Daily Average ? (V
^ . Nov. 1917. . -'jv
m A Quality N?w*p*|.ar for tha
pigtylkrr-' V ' =
|p ESTABLISHED 1868. mem
mil mi mi
i ask mp tie
I Appeal Went Out From National
mn ras coal
! Pilblic Will Appreciate It If
(By Associated Press)
; INDIANAPOLIS, Dec. It.?Coal
miners of the country are called on
to forego tfteir usually extended holi-days
at ChrlBtmns time and take
yfe, ' .oply two days, Christmas and New
Bp . Years, in a statement Issued here today
at International headquarters of
JR** ' > thA TT %/T w? -A a ? ? *
vuw u. m. w. oi Atnenca. i ne siaie*
Sljr- ment follows:
[ITT "Tho United States Is In the grip
Sf?fv of coal famine. Recent snows nnd
K , excessive cold weather has depleted
the coal bins throughout the ocuntry.
Neve? before has a cold shortage been
'y 'so acute. Industries are being forced
i; to close for lack of fuel. Street lights
I'.'j- - and electric signs are helrig turned
I'out to save coal. The Fuel Administration
iijurging very possible econIromy
to meet abnormal demands for
&? . coal. The coal miner Is being looked
to od hiB bit to keep tho factories
kfi and railroads in operation and the
Br . household and public institutions
warm. In normal times it has been
Igg the custom to lay the mine idle durIK."
lug the week of Christmas holidays
I because tho market for fuel could be
Bs: fact without working during this perM
But this year conditions have
gffit; ? changed. Motive power for railroads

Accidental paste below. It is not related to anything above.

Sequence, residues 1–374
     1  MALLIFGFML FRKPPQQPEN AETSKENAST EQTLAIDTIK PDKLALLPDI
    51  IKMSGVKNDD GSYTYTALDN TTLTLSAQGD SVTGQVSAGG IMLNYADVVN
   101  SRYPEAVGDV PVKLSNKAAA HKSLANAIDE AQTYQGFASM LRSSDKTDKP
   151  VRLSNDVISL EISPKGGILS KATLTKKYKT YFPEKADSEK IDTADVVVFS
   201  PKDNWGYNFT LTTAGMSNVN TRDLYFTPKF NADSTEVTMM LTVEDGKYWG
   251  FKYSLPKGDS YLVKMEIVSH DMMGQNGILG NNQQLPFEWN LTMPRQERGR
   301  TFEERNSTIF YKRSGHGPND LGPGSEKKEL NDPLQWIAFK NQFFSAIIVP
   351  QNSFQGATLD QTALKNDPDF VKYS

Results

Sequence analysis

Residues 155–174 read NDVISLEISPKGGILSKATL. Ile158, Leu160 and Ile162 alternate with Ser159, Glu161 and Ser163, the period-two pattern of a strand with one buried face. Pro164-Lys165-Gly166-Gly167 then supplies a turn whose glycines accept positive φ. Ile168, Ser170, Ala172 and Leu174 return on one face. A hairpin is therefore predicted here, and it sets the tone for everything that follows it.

has practically broken down. Insufngfe...
flclont car supplies makes it neceEsary,
that every empty car bo loaded '
,r as quickly as possible. Therefore out
\ of consideration for public needs we
,1 ' are calling on the U.. M. W. of Am \
j -erica to take only two holidays, Christmas
and New Years. Our patriotic
: ' duty demands that this be done. It
If will be a service the pcoplo of the
m. Nation will appreciate. We earnest :,!
ly urge local presidents, secretaries
and mine committees everywhere- to
|i(- see that .this" holiday remiest ts fnt.
a The statement Is signed for the
j v Miners' organization by Franlt J.
I f v Hayes, President, John L. Lewis,
I vice president and Win. Green secretary-treasurer.
| AHOTi" GAS WELL
I FOR LOGALGOMPAIY
New Supply Will be Turned
l|| ,; into the Mains Some Time
VI;.: Another cra? xroti nriii ?>? ? '
IV ' the lines of the Monongahela Valley
jjfer- Traction company 'sometime this ev.1
enlng. The new well which has just
tyV htjen located is a good producer and
v.r, . is expected to give another boost to
the present gas situation in Fairmont.
1/ The new well is on the Michael farm
Sear Hagans, in Monongalia county.
ISv: , Every effort is being made by the
'V ' gas department of tho Monongabela
V& Valley Traction company to purchase
SiX mongh gas for domestic consumers in
V the city. While the gas situation in
;rip, Fairmont is much better Just now, it is
'. J . tar from what it should be.
? Lewis A. Clinton and Florence
Marie Hall were married by Rev.
A* v., r. B. Lawler at Barrackvllle, on
fj&jgx Saturday of last week.
I 4morc days 1
m . t xp ?uy a
BER ASSOCIATED PRESS.
: on i mis
Keep at Work
Need of Coal Makes Manual
Labor on Holidays of
(Special Dispatch to The West
WHEELING. Dec. 19.?Under date
of December 17, RlghJ: Reverend P.